Posts Tagged ‘end stage renal’

Link Between Depression And Chronic Kidney Disease

Friday, October 23rd, 2009

Researchers at UT Southwestern Medical Center conducted the first study to examine the relationship. 

Medical experts have noted that patients in the early stages of chronic kidney disease are at increased risk for clinical depression according to the study in the current issue of the American Journal of Kidney Diseases.

Previous research has shown that depression rates in the general community are 2 percent to 4 percent.  Among diabetes patients, the rate is 11 percent.  Among congestive heart failure patients, 14 percent; and among coronary artery disease after heart attack patients, 16 percent.

Chronic kidney disease patient depression numbers may be higher due to the presence of the same simultaneously occurring conditions that resulted in progressive kidney disease, such as diabetes and atherosclerotic vascular disease, one of the researchers noted.  Patients such as diabetics, who are depressed, may develop progressive kidney disease because of non-adherence to medications and physicians’ advice.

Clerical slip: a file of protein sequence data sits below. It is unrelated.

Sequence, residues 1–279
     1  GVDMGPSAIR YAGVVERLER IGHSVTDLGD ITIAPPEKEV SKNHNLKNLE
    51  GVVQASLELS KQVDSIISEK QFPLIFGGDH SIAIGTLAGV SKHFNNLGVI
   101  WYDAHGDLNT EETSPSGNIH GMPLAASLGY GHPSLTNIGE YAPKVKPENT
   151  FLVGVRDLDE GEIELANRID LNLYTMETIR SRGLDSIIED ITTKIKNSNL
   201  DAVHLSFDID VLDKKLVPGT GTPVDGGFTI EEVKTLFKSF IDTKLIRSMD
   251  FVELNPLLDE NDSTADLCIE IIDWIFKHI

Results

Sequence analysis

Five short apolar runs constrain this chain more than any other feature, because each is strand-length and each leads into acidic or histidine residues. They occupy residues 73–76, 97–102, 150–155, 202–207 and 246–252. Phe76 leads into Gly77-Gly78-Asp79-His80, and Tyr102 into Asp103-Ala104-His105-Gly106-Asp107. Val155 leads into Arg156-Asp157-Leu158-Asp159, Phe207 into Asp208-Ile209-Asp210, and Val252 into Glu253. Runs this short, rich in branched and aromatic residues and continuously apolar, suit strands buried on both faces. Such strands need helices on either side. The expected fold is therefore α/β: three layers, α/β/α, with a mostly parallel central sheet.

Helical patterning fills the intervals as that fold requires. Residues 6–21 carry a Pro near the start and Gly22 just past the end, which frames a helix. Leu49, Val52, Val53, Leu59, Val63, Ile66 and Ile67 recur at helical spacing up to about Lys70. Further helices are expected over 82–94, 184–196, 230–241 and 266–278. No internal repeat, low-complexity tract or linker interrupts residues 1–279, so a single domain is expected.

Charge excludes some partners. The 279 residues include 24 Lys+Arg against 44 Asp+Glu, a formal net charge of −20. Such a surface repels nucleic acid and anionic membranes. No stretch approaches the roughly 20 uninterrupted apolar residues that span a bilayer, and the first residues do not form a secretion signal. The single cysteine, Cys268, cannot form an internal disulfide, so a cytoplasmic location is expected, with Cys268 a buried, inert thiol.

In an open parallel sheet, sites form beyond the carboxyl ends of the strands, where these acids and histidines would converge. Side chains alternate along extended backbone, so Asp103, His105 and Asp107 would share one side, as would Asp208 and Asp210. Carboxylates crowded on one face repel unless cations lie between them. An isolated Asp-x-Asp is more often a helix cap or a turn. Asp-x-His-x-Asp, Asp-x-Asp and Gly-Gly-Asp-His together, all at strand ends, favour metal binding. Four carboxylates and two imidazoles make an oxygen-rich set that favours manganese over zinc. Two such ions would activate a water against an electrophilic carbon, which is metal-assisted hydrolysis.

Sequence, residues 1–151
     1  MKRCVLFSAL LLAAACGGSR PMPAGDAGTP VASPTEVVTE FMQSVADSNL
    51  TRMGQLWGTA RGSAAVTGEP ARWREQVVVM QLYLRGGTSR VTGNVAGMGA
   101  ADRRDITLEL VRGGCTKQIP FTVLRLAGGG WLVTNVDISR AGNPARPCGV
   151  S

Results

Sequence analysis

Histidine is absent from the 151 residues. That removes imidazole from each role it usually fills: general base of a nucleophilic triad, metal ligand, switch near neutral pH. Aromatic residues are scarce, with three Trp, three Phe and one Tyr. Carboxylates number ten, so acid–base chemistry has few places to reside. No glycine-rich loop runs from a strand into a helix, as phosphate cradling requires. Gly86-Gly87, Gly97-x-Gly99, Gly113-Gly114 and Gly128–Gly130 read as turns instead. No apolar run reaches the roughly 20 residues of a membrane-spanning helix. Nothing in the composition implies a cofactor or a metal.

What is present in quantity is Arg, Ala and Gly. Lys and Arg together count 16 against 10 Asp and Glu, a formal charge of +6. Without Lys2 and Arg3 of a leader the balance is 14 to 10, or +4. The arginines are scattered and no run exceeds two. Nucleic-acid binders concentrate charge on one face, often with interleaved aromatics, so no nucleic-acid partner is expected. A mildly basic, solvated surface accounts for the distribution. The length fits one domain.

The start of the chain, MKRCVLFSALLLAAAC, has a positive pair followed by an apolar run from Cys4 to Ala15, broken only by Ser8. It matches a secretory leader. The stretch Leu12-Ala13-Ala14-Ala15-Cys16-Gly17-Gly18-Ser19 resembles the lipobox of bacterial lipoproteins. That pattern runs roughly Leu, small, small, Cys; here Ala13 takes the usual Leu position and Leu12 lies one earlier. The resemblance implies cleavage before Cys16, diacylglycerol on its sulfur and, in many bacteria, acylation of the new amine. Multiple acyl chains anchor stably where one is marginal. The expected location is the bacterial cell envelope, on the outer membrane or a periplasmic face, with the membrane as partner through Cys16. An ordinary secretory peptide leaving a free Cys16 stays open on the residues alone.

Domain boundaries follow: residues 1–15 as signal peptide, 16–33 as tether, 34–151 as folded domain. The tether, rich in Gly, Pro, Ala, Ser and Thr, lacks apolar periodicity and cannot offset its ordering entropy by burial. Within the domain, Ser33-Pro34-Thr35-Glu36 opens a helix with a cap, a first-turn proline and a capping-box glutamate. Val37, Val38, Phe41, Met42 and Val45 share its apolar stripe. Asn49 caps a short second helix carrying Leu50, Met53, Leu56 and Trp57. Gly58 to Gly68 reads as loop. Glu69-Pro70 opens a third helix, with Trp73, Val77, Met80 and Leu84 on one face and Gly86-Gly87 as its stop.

According to the American Association for Critical Illness insurance, some 26 million Americans have chronic kidney disease and millions more are at increased risk. If treatment does not begin early, the condition progresses to end-stage renal disease. At that point, a patient’s kidneys have failed to the point where dialysis is needed.  Dialysis involves filtering of toxic chemicals in the blood and removing fluid to help control blood pressure.

Weight Loss Good For Kidney Health

Saturday, September 19th, 2009

Medical experts explain that kidneys filter waste products from the blood and excrete them in the urine. When damaged, their ability to perform these vital functions is reduced. 

Some 26 million Americans have chronic kidney disease according to the American Association for Critical Illness Insurance and millions of others are at increased risk.  By 2015, experts predict there will be more than 700,000 people with the most advanced form of kidney disease known as end-stage renal disease.

More than a third of US adults are either overweight or obese, putting them at increased risk for kidney trouble, not to mention heart trouble and diabetes.   To determine if weight loss could help protect the kidneys, medical researchers at Ohio’s Cleveland Clinic studied data from studies that examined the impact on kidney function of weight loss achieved through diet, exercise, or surgery.

The researchers found that losing weight through diet and exercise reduced one key measure of kidney damage – namely, excess excretion of protein in the urine, what doctors call “proteinuria.”   The medical report noted that weight loss achieved through surgery seemed to help normalize the rate at which the kidneys filter waste products in obese adults with abnormally high filtration rates.

The findings were reported in an upcoming issue of the Clinical Journal of the American Society Nephrology.